By the time we were done with the Haunted House it was time to return to Buzz. You enter a little “car” equipped with two laser shooters. Not only do you get to ride around Lightyear’s world but you get to shoot’em up as you go. Your score is shown on the car’s dashboard and at the end you are presented a digital photo of your adventure. My wife and I got on with our 9 year old while Donna went with our youngest in the next car.

The dashboard is out of the way when you enter the car but comes down as a safety belt to lock you in during the ride. Unfortunately this mechanism knocked my prescription (and way too expensive) sunglasses off my neckholder. I didn’t know if they had fallen in or out the car. But we were locked in and off to fight the aliens so I had to wait until the end of the ride.

As we were getting out I looked down. But no glasses. I immediately contacted a cast member (all employees of Disneyland are called cast members) and explained my dire situation. Losing my glasses would certainly put a damper over all of our well-thought out plans for the day. And I so wanted to leave with fond memories. I’m sure Walt would have wanted me to too.

“No problem,” Mr. Cast Member replied. I’ll send someone on the ride right away. Obviously, I wasn’t the first to lose something. Immediately, another cast member got on with flashlight and a device for picking up objects. My fingers were crossed as she disappeared into Evil Emperor Zurg’s dark world.

All of a sudden we heard the announcement: “There is a major malfunction on the ride. Everyone will have to evacuate immediately.” They released the dashboard safety belts. Cast members scattered throughout the darkness to help stranded riders exit safely. My troupe looked at each other with the same thought: Jeff comes to Disneyland and single handedly destroys the Buzz Lightyear ride. “Boy, what a story that will make,” I thought (providing this fairy tale park can deliver with a good ending to my own sad story).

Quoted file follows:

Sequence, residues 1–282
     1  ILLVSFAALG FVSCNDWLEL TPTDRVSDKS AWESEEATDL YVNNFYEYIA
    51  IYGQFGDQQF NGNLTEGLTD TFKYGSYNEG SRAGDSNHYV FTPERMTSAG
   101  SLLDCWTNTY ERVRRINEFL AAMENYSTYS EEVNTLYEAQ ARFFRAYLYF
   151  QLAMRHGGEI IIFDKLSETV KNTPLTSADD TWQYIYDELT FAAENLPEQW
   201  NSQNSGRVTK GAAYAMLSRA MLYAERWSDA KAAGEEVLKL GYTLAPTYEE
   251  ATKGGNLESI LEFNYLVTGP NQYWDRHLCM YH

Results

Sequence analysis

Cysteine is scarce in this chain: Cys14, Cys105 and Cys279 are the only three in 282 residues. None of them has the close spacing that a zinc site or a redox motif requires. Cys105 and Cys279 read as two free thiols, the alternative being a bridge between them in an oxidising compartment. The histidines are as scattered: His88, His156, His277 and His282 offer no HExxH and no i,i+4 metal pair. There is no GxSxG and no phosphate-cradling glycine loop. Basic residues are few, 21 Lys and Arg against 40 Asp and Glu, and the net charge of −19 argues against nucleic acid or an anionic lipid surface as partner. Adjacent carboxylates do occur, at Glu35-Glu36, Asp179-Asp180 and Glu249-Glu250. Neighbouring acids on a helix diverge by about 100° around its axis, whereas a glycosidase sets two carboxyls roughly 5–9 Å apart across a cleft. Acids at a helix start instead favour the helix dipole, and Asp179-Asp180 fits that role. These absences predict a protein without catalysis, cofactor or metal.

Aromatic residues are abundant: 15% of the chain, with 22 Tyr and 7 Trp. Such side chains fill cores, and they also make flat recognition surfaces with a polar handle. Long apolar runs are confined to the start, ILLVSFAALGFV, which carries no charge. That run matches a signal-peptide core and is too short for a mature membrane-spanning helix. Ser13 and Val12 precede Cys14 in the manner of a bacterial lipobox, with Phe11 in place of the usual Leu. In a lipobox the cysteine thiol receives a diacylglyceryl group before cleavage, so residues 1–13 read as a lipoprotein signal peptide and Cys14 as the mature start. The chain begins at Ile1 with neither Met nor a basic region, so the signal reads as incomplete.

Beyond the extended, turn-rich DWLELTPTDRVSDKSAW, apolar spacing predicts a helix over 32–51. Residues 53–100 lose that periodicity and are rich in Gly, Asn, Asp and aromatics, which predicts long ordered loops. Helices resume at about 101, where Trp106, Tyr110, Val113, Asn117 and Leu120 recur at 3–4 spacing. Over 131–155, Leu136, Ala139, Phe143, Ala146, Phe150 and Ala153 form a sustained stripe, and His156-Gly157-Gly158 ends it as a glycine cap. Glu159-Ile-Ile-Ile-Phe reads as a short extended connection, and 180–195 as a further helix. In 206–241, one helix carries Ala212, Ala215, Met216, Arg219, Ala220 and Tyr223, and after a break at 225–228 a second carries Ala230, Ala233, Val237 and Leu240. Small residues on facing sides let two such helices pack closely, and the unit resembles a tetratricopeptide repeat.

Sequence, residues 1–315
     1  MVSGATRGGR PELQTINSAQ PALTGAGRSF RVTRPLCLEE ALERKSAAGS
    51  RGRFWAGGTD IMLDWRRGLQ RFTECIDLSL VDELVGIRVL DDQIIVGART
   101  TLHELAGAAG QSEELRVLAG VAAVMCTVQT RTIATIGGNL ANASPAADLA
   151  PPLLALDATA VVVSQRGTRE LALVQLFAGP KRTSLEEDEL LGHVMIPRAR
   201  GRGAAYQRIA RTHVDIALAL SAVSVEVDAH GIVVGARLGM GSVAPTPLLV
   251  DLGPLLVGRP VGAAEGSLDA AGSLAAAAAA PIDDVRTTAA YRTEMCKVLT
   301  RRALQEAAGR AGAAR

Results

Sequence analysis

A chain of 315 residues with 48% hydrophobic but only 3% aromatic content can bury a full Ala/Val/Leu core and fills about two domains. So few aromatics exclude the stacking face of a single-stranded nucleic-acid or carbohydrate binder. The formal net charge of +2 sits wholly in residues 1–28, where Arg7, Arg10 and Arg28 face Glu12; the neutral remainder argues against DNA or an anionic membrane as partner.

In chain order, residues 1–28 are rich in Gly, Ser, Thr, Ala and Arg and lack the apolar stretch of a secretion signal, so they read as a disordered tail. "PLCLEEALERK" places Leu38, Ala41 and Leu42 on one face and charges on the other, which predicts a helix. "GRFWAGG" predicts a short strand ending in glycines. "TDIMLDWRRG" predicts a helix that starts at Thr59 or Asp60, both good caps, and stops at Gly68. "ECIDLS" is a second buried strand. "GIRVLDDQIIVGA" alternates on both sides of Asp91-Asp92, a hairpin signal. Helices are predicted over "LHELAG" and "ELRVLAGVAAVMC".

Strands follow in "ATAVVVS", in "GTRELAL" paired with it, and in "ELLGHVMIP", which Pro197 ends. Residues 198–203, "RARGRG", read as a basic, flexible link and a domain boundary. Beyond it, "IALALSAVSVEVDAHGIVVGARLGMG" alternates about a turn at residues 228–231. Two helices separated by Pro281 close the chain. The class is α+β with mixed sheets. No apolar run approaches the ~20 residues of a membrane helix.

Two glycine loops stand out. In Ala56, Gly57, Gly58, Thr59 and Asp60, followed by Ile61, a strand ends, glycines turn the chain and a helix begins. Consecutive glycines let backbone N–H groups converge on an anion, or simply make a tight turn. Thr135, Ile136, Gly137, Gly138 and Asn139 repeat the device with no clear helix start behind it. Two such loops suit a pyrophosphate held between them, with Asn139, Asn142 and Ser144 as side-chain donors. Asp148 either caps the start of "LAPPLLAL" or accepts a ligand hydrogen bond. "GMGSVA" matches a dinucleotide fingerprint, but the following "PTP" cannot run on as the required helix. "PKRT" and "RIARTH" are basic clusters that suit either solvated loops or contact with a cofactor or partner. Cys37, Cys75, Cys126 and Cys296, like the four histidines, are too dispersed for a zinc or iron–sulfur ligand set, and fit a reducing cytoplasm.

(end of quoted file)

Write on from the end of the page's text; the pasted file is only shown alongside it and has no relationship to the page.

We watched as the last riders left. Donna, held my children close to her while Susie and I pondered my visual future. If Zurg had destroyed my sunglasses all the Magic Kingdom colors would appear totally washed out in the bright August sun (to say nothing of being a bit blurry). We waited: tense with anticipation to how this cartoonish story would end.

No one but us and the cast members remained. Special Buzz mechanics entered the ride and conferred in hushed tones with the cast member in charge. I watched for my special envoy to reappear, space booty, I mean sunglasses in hand. We waited.

Suddenly out of the Zurg-infested fog I spied her. Did she have my specs? I couldn’t tell as she nonchalantly —and in filmatic slow motion— moseyed towards us. Yes! There they were. And not a scratch on them. A happy ending is indeed the Disneyland way.

The power to stop aliens with laser guns or sunglasses —that’s what little boys’ dreams are made of. And now I could see it all with perfect clarity.

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Great story, well told. We’ll have to get you all into Club 33 someday.

Posted by: Donna on September 13, 2005 8:09 PM